After weeks of a standoff with the European Union over rule of law conditions set by the bloc, Hungary and Poland have agreed to lift their veto over the Union’s stimulus package in exchange for a much more lenient oversight process on the part of the EU. The final deal is still to be approved by European leaders.
In a response to the EU’s proposed conditions for disbursing development funds to member states, Hungary and Poland indicated in mid-November that they would block the Union’s spending plans through 2027 by vetoing the bloc’s budget and the EUR 750-billion (USD 888 billion) rescue package designed to combat the economic fallout caused by the coronavirus pandemic. What followed was a Mexican-style standoff between the two eastern member states and Brussels, as both sides dug in their heels. The apparent breakthrough is a compromise brokered by Germany that will pave the way for the EUR 750 billion in financial rescue to the bloc’s economies most affected by the pandemic. The deal is still to be discussed and approved at a meeting of the bloc’s leaders, but experts believe they will likely approve the agreement.
The proposed deal
Hungary and Poland opposed the EU’s plan to condition EU funding on rule-of-law standards, and threatened to undermine the EU’s pandemic aid fund and the 2021-2027 budget. The two nations said the EU conditions threatened to cut their funding and undermine their governments.
The proposal put forward by Germany, which holds the EU’s rotating presidency, still ties disbursements to democratic standards, though such sanctions can’t be triggered until the European Court of Justice has ruled on the legality of the new rules, a process that could take more than a year to complete.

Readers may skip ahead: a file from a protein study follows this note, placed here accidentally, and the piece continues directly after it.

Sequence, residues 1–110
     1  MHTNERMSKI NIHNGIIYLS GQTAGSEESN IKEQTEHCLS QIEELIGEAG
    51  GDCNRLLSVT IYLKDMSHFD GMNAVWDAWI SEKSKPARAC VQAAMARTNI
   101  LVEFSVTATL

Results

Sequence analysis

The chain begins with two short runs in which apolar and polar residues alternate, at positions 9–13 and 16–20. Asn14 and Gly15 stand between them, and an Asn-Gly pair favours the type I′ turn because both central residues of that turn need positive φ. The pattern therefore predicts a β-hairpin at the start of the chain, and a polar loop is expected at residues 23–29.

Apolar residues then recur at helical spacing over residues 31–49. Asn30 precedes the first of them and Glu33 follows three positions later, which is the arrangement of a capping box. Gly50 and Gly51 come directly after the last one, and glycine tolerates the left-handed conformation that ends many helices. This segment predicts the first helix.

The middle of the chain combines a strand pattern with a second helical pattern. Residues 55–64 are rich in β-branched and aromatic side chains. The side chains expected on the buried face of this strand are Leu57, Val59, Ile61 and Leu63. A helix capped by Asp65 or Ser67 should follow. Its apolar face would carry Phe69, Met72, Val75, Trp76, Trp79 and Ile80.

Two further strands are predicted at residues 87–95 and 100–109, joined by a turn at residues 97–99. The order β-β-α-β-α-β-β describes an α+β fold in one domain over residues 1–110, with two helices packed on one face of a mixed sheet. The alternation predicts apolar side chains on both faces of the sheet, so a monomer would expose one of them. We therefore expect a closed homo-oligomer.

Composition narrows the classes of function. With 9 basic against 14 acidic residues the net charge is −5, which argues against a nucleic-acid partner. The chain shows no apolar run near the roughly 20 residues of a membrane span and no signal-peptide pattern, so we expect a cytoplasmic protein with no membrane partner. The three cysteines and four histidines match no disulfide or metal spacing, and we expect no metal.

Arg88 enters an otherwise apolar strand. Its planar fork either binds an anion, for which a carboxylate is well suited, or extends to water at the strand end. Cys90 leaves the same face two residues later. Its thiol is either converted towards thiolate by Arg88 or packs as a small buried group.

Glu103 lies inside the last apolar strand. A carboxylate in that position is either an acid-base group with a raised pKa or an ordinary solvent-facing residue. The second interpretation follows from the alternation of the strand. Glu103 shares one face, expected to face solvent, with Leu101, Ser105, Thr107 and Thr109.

Reports from Poland earlier this week suggested that Warsaw’s stance was softening as leaders in the Polish capital seemed intent on finding a compromise. Hungarian Prime Minister Viktor Orbán was adamant that accepting the proposed mechanism would equal “suicide” for Hungary.
The compromise would allow EU leaders to link any cuts in the flow of funds to rule-of-law breaches that affect the financial interests of the EU, such as failure to prosecute government corruption.
The deadlock threatened billions of euros that Hungary and Poland are due to receive in the coming years, as well as financial assistance urgently needed to help ease the recessions caused by the pandemic. Together, the two nations are supposed to get EUR 180 billion (USD220 billion) over seven years, or 30% of their combined gross domestic product in 2019, according to Bloomberg calculations. German newspaper Die Welt calculated that Poland is to receive EUR 23.1 billion and Hungary EUR 6.2 billion from the financial rescue package.
EU membership questioned?
After the regime change a little more than three decades ago, EU membership became one of the most coveted political and economic status for the former eastern bloc. Once admitted into the club, these countries propped up their economies thanks to the billions of euros of aid provided by the EU. For the EU, incorporating the east in 2004 was the defining moment for the political project.
In recent years, however, the relationship between Brussels and the governments in Budapest and Warsaw soured. Both Poland and Hungary clashed with the EU over various issues and the bloc’s threats have been backed up by little action. Economists argue that despite the difference in views, neither Hungary nor Poland can realistically afford to leave the EU as their economies would take an unspeakable hit. Even Britain risks sinking into recession next year if last-minute talks on the island nation’s exit from the EU fail.
Another factor for political leaders to consider in Warsaw and Budapest is the population’s overwhelming support for the common European project. A survey by Hungarian pollster Medián Institute – published earlier this week – showed that support for EU membership set a record in November: about 85% of the voting population supports Hungary’s EU membership, despite the fact that the relationship between the Union and the country has hit a rocky road. Support for membership stands at 77% among Fidesz voters, while among those that would vote for the opposition it is an overwhelming 94%.
As Orbán gears up for the 2022 elections, where he aims to win a fourth straight term in office, any messages about Hungary potentially leaving the EU are most likely just empty slogans.
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